“Despite the threnodies of a few recidivist Halfordians, the fly-fishing tradition is a progressive, generous and inclusive one, and it pays to be mindful that not everyone will be interested in the stipulations of your personal code”  From “Trout Hunting” by Bob Wyatt
There are many of us fly-fishermen who are quirky, moody, and solitary. We have built up some illogical notions over the years, and we only stick with other fly-fishermen who happen, against all odds,  to “get us”. So we go for years, wearing older and older clothes, fishing with the same blokes, and probably the same tackle.  We take on routines and peculiar rituals, and have used the same knot to tie our flies since Pa fell off the bus. And we talk about the old days, and regard new entrants to the sport with a mild dose of suspicion.
We forget that once we were the ‘newbies’, with shoddy tackle, and no clue. We were once the pimply students, hanging on every word of some doyen, who graced us with his time and attention. Here in Maritzburg those days for me were back in the mid 1980’s. We had fly-fishing personalities spilling out onto the pavement on a Saturday morning, and we were swept up the the enthusiasm.
old NFDS meeting
Barry Kent demonstrating the tying of a fly in the 1980’s.

Then in the 1990’s and beyond, once we had learnt a thing or two, we went off fishing, and left the heyday club meetings behind us. We fished, and rushed home to tend to demanding kids and careers. When next we turned around the fly tying club had dwindled in numbers, one of the fishing clubs had closed down, the other one seldom had meetings.
Some of the guys around town decided it was time to do these evenings again, and I am very glad they did.  New fishing club members kept enquiring about social events, and some of us were captured by a sense of obligation to put something back into our sport. Graeme took this thing by the bit, and got us all going.  The result was a very pleasant and well attended ‘get-together’ this week in Maritzburg.

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Graeme at Monday night’s meeting   (Picture courtesy of Jan Korrubel)

I have never left one of these things without learning something, and this week was no exception. Besides that, we enjoyed a smorgasbord of slides, all of which were of that variety that cause us fly-fishermen to go weak at the knees and start cleaning our fishing tackle. High mountain streams, deep blue sky, and Trout and Yellows with water droplets dripping off them in slow motion.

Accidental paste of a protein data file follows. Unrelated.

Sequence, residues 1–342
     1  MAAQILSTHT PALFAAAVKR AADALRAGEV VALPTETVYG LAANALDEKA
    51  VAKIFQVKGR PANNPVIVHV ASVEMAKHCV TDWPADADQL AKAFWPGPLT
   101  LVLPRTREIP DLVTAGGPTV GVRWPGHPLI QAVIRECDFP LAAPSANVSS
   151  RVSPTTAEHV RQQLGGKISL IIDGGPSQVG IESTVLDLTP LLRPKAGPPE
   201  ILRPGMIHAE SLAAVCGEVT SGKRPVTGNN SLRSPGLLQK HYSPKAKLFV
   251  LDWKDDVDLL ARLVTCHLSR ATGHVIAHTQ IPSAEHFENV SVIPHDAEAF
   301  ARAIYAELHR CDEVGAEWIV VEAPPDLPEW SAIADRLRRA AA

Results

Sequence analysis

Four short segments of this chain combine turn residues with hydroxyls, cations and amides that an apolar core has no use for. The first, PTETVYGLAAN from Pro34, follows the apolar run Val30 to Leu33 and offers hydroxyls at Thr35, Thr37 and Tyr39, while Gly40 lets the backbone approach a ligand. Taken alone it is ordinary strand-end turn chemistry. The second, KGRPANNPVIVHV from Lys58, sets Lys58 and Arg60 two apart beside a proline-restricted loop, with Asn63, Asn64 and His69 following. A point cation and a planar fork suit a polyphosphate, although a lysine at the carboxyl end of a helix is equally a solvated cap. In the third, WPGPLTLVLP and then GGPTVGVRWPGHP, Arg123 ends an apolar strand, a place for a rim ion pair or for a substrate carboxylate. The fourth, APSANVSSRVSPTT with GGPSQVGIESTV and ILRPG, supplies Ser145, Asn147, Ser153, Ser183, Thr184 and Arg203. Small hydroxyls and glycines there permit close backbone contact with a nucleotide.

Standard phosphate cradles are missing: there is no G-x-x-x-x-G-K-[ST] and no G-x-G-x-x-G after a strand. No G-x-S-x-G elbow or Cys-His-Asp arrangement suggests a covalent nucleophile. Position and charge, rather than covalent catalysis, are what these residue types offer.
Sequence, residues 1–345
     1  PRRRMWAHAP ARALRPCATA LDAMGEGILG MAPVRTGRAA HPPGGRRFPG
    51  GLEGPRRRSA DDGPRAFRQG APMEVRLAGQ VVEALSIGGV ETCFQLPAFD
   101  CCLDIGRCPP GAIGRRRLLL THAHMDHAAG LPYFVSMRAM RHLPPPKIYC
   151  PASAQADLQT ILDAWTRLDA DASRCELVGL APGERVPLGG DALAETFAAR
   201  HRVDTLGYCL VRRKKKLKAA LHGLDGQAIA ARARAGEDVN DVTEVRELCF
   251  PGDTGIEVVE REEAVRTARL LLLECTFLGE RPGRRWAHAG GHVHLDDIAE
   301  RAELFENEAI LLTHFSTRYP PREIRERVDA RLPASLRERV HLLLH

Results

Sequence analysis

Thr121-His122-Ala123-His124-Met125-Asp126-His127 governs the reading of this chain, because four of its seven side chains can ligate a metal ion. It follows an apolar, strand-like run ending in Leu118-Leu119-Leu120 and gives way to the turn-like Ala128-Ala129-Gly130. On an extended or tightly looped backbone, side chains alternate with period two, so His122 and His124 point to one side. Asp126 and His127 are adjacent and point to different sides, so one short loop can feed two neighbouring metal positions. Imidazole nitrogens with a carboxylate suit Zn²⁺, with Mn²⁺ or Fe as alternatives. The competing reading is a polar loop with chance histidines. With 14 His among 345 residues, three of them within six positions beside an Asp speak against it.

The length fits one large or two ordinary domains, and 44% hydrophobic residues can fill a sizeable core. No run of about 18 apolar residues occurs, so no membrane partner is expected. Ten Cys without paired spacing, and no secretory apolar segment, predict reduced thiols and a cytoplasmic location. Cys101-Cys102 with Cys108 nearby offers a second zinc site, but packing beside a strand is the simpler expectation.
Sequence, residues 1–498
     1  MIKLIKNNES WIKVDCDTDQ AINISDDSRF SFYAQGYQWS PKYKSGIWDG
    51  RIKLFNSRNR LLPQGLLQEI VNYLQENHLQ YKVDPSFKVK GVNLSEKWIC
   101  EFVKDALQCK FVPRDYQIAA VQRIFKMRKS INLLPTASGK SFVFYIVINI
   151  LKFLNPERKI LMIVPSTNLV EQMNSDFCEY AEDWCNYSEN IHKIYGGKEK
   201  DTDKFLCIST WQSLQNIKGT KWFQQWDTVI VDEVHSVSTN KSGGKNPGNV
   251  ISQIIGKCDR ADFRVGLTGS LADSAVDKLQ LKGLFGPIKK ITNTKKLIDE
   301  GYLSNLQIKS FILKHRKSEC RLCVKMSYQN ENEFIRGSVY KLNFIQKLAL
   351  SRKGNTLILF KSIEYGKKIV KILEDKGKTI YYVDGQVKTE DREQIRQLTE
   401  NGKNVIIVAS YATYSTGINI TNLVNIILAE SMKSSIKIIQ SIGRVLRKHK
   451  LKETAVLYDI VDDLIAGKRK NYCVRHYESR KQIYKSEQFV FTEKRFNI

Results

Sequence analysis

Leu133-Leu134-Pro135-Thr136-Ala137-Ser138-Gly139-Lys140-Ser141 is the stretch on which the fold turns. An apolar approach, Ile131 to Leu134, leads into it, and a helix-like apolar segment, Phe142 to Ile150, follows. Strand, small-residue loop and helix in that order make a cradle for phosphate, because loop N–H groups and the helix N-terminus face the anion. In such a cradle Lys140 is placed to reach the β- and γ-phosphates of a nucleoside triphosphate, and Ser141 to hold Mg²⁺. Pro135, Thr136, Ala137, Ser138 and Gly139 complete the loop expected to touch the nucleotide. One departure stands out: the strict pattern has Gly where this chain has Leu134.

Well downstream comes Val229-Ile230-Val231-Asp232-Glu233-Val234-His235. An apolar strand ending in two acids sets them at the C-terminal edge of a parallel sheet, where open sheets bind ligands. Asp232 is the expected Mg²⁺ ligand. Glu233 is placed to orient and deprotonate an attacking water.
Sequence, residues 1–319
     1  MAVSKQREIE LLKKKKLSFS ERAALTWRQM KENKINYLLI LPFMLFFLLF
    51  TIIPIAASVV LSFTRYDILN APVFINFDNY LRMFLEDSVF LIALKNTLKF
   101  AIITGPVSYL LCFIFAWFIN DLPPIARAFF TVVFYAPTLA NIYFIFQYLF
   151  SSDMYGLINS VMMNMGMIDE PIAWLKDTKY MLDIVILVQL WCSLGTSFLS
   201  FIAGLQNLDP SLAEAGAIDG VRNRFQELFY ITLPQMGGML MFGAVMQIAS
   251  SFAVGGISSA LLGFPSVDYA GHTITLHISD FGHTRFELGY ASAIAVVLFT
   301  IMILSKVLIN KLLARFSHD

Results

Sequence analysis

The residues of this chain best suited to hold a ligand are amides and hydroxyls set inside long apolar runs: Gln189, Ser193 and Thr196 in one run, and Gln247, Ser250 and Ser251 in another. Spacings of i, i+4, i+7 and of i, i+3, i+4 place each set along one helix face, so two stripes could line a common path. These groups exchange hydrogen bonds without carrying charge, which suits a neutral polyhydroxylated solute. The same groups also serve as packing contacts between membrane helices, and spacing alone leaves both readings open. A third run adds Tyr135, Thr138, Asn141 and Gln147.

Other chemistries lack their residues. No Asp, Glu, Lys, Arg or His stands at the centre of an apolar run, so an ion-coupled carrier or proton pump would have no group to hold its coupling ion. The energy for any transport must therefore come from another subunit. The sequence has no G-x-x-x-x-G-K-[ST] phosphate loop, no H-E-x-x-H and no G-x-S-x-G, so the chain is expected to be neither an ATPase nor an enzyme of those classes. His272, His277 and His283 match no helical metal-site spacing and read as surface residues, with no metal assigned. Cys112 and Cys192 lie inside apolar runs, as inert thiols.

The company was excellent too. Old friends. New acquaintances. Lively conversation.
There was also a clear and unequivocal sense around the room that we must do this again, and we will. If you are from around these parts, I hope to bump into you at one of these functions soon. Perhaps you can teach me some new knots!


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2 Responses

  1. Well done guys, indeed I am always accutely aware that no man is an island, that much of what we have is due to the efforts of those who came before and it is indeed our obligation to continue that trend, the passing on of knowledge attained, of working towards the common good. The fish are here because someone else brought them, the rivers are clean because someone else protected them and much of what we know is because someone else chose to share with us. The knot I use came from Peter Hayes, the leader from Pascal Cognard, the fly tying techniques at least in part from Edwards, Morris, La Fontein and members of the Italian National team. We got Czech nymphing from those who fished world championship events, brought the knowledge home, adapted it to yellowfish and opened a whole new fishery. We are all indebted, whether we think that we are or not. I hope that your meetings will go from strength to strength.

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